Lack of knowledge

Some questions to ask yourself:

- have I tested my gear over 40km?

- if you developed a blister early on, would you know how to deal with it?

- what’s the best way to tape your feet to prevent rubbing and blisters?

- do I know what to carry in my pack to treat any blisters?

- do your shoes fit? Length, width and depth.

- do you need a more supportive shoe than you normally wear, just because of the length of time you'll be on your feet? I know normally wear a LunarGlide. For the concrete parks of the course I will wear a pair of Brooks Adrenaline. I would never wear something with this much support day to day.

- what type of shoes should you wear?

- have a decided if I will wear runners or trail shoes, or a combination. If so, when will you change?

- do you need different socks for different shoes? My trail shoes come up my ankle much higher so I need

longer socks. You don't want to find that out at 30km and not those in your pack

This is all crucial information but often overlooked during the training period.

So how do you make sure you are not one of the people making these mistakes? That my friend is the easiest part of your Oxfam journey.

You make an appointment with our podiatrists.


In an ideal world we recommend:

1. Biomechanical assessment and general treatment appointment

If you want to have this done, it needs to be done now. It is to late a fortnight out. We will check your feet and leg joints for ranges of motion and alignment to assess any potential biomechanical issues that may predispose you to injuries or blisters during training or during the event. Advise on footwear and sock choices, as well as taping techniques. All of this needs to be tested during training. It is a rookie mistake to try something untested on the day of the event (trust me, I wore 2 pairs of socks in a marathon once untested and lost 6 toenails) Advise on what to do in the event of a ‘hot spot’ or blister developing. Advise on what to carry in your pack. Complete a general treatment, removing callous and corns and properly cutting your nails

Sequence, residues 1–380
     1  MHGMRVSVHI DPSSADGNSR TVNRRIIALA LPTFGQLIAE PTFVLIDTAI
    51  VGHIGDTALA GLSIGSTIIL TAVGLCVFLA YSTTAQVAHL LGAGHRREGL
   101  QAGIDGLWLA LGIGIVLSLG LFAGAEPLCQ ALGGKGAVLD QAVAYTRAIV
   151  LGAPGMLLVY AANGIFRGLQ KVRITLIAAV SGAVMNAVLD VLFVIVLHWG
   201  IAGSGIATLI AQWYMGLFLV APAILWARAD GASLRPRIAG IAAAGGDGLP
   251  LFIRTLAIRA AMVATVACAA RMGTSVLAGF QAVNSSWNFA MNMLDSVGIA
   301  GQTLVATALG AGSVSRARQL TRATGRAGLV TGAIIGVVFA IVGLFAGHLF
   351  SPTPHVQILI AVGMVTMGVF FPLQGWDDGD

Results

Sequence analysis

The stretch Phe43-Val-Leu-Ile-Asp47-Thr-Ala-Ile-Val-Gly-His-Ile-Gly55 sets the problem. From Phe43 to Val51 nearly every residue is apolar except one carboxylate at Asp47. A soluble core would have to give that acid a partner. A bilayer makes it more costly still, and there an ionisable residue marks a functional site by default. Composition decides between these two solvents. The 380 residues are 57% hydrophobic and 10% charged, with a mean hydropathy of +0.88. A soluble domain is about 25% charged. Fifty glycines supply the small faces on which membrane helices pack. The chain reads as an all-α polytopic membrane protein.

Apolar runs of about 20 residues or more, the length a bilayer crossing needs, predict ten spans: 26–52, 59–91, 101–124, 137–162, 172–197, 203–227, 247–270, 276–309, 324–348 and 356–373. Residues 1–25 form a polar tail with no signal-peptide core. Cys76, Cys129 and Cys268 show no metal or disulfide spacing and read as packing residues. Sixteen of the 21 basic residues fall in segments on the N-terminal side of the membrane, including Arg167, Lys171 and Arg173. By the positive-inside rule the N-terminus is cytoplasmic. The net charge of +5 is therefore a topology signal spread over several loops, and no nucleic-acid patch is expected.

2. General treatment appointment – 1 week before the event (30 mins)Complete a general treatment, removing callous and corns and properly cutting your nails so your feet are in tip top shape for the event. We recommend doing this a week prior.

3. Taping appointment – 1 day before the event (30 mins)This is so you avoid having to line up at the start of the event at the taping booths and it is done in the way best suited to you. Think low stress.

As a practitioner having been involved in this event over many years, it is incredibly satisfying to have clients complete the event unscathed. It is such an enormous achievement and we are privileged to be a part of the journey. Please take the time to be assessed and advised properly to give yourself the best shot at a successful event.